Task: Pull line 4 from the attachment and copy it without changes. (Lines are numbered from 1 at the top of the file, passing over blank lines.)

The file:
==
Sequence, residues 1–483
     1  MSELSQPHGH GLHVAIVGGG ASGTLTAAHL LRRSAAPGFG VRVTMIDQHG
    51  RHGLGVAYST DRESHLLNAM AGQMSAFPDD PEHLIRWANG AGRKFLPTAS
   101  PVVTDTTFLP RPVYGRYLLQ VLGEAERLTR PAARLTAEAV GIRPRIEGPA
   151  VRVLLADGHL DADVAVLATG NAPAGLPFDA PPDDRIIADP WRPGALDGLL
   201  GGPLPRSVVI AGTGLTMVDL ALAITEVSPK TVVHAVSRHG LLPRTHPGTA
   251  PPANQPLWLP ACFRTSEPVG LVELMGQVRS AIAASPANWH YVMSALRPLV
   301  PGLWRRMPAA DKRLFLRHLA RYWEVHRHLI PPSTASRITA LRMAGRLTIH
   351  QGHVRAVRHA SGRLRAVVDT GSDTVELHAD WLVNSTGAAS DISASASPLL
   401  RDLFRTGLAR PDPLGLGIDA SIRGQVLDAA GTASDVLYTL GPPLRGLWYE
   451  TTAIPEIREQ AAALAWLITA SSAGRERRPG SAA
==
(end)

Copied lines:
   101  PVVTDTTFLP RPVYGRYLLQ VLGEAERLTR PAARLTAEAV GIRPRIEGPA